Hollywood producer behind Godzilla, Batman movies resigns as Chinese owner Wanda mulls ‘big plans’
The Hollywood movie producer behind Godzilla, The Dark Knight and Pacific Rim has resigned as head of Legendary Entertainment, only a year after he sold the film studio to China’s richest man Wang Jianlin for a staggering US$3.5 billion.
The departing executive is Thomas Tull, who founded the company in 2000 and partnered with Warner Brothers and Universal Studios to churn out a string of big-budget box office hits like Inception, Warcraft, Jurassic World as well as The Hangover franchise.
His exit has spurred a mixture of sadness and shock among film fans, and fuelled guesses regarding causes linked to Legendary’s Chinese owner Dalian Wanda Group.
“The latest management shakeup is part of a greater plan we have for our film business,” Wanda said in a statement on Thursday. “We are going to release some big news on that.”
In early 2016, Tull agreed to sell the iconic production company to Wanda for a reported US$3.5 billion in the largest takeover by a Chinese company of a US studio. Wang, who owns the world’s largest cinema chain after adding AMC Entertainment and Odeon & UCI Cinemas to his stable of assets, once called Legendary “a gateway to Hollywood filmmaking”.
Following the Legendary deal, he voiced his interest in “all big six Hollywood studios”, including Paramount Pictures and 21st Century Fox, in what would be potential billion dollar transactions.
Moviegoers resorted to social media to voice their sense of loss.
“Very sad to hear... [He] was responsible for so many fun genre pictures that probably never happened without him,” an internet user with the handle Jerry’s Ghost tweeted.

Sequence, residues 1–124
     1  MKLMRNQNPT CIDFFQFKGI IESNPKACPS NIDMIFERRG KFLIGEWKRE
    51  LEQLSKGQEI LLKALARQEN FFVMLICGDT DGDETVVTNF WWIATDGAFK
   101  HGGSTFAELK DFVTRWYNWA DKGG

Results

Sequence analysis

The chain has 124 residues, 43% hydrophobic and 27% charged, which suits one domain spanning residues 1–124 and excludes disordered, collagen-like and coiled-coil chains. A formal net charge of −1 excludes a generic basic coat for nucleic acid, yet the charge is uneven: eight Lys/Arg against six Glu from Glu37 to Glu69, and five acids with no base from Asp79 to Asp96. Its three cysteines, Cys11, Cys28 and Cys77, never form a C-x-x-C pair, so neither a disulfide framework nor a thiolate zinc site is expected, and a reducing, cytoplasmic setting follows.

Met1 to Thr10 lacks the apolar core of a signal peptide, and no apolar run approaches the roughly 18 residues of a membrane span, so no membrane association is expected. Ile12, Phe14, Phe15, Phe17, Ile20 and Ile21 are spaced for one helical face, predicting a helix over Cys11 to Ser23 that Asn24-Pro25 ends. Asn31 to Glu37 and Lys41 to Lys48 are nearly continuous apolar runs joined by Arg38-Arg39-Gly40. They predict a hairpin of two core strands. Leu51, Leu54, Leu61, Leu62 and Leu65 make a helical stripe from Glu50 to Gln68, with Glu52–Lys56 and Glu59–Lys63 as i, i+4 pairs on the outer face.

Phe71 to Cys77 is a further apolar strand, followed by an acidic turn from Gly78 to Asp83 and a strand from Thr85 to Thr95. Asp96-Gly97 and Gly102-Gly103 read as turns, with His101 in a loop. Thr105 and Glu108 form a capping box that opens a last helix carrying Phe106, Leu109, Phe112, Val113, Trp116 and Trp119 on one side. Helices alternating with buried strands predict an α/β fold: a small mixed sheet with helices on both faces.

While Wanda spoke highly of Tull’s leadership when addressing the issue of his resignation, speculation grew that the Legendary founder stepped down under pressure after Wanda’s frustration with his management and recent projects such as The Great Wall, according to sources cited by The Hollywood Reporter.
The Chinese conglomerate placed a big bet on the US$150 million Sino-US co-production starring Hollywood A-lister Matt Damon. But the lavish epic has received poor ratings on review websites. The historical fantasy grossed US$166 million in China, far less than the amount required for it to break even.
“It is totally nonsense,” Wanda said in its statement, referring to recent media reports that Tull’s resignation was in response to the poor box office of The Great Wall.
Wanda defended The Great Wall’s box office performance by saying that “there is no ground” for media to call it a “failure” because “it has just hit screens outside China”.
Legendary has been bleeding red ink over the last few years, which raised market concerns over its high valuation. It booked a loss of US$343 million in 2014 and losses worsened to $555.6 million for 2015. In August, Wanda postponed Legendary’s incorporation into its cinema business, a move that could have seen the combined group go public in Shenzhen, citing mainland China’s bumpy stock markets.
Tull, also a billionaire, will focus on his investments in life science, media and technology companies, while Wanda is searching for a full-time replacement.